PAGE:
Time for Openness on Ship Registries, Says Liberia
- Business & Finance
The Liberian Registry says it is time to put an end to the outdated thinking which results in all open registers, irrespective of their safety record, being referred to pejoratively as ‘flags of convenience.’
Scott Bergeron, CEO of the Liberian International Ship & Corporate Registry (LISCR), the US-based manager of the Liberian Registry, says, “Liberia is one of thirteen flags which have just been given a clean bill of health by the International Chamber of Shipping (ICS) in its flag state performance table. This means it has earned positive indicators from the ICS with regard to its performance in relation to port state control, convention ratification, recognised organisations, age of vessel, IMO attendance, and completion of STCW and ILO reports.
“The ICS itself says, ‘There is nothing inherently unusual in an international ship registry system in which the owner of a ship may be located in a country other than the state whose flag the ship flies.” It also points out, quite rightly, that ‘a balance has to be struck between the commercial advantages of selecting a particular flag and the need to discourage the use of flags that do not meet their international obligations.’
“Liberia fully agrees with this, and endorses the ICS performance table as an effective way to encourage shipowners and operators to examine whether a flag state has sufficient substance, and to put pressure on flag administrations to effect any necessary improvements, especially in relation to safety of life at sea, protection of the environment, and the provision of decent working and living conditions for seafarers.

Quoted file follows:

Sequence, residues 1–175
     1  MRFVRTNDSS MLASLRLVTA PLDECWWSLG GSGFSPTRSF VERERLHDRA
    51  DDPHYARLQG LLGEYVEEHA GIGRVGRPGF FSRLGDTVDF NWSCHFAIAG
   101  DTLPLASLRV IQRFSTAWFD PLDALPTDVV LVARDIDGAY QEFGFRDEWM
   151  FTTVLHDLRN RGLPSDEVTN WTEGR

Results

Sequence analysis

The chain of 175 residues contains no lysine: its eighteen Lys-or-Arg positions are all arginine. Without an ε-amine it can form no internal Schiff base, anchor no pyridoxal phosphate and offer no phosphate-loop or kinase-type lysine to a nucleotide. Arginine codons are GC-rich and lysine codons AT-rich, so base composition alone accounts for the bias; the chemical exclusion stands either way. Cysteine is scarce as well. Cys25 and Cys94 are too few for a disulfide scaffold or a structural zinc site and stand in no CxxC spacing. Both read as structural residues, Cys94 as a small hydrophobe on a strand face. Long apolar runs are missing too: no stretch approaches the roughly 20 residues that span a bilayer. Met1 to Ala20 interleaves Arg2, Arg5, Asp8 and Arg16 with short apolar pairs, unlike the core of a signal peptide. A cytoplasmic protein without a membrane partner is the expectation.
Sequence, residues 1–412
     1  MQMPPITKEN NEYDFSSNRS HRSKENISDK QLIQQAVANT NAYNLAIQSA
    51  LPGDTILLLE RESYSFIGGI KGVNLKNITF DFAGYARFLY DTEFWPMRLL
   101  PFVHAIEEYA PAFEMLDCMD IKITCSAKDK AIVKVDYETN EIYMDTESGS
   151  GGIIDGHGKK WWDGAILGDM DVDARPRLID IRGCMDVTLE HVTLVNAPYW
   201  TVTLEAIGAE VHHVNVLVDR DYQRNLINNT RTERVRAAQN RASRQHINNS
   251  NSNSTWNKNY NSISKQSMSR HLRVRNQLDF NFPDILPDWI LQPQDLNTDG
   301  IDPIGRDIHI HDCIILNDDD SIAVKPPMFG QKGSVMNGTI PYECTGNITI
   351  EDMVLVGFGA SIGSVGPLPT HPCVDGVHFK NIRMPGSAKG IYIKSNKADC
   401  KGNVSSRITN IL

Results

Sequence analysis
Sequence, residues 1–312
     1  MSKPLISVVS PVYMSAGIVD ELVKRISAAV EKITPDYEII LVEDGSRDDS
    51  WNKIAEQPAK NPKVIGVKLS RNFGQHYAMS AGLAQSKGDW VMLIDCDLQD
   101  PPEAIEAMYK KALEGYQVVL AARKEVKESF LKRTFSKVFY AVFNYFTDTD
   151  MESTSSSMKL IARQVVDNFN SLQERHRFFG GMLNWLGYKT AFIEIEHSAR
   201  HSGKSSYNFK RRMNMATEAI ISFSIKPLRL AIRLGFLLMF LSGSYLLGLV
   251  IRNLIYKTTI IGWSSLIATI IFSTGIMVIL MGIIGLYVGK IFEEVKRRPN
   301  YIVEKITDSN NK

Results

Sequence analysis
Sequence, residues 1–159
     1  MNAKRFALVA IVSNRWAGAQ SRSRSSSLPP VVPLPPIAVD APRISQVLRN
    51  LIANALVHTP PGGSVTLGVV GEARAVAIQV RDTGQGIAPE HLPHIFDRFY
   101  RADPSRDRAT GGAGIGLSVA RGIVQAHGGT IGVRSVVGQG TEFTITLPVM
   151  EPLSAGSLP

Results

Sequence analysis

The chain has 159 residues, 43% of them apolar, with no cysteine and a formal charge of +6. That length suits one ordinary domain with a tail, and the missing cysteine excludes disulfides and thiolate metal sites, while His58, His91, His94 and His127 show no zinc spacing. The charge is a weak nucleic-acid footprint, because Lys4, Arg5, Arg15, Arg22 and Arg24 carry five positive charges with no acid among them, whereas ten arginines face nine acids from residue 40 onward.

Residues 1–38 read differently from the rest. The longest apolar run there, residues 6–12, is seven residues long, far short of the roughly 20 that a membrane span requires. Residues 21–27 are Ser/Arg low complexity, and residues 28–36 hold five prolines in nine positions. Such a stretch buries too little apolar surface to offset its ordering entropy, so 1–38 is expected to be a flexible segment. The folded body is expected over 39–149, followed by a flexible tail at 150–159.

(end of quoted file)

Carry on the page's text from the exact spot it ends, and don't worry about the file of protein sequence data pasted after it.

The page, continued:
“There is no longer any need in shipping for the term ‘flag of convenience’. It has purely negative connotations, which is especially perverse in light of the positive indicators accorded to Liberia and to certain other open registries by the ICS. It would be more meaningful to refer instead – as does the ICS – to open registers, in order to distinguish them from national registers, many of which perform well below the level of the best open registries and yet enjoy an undeserved reputation for excellence. It would be more meaningful still – and more accurate – to refer simply to ship registries, and to judge those registries on how they rate under independent performance monitoring guidelines, such as those produced by the ICS.
“The monitoring and policing of ship safety on an international basis is now tighter than ever before, and the book on registering ships under the flags of their domiciled owners has long been rewritten. It is time the language of the industry was changed to reflect this.”
Liberian Registry, January 30, 2013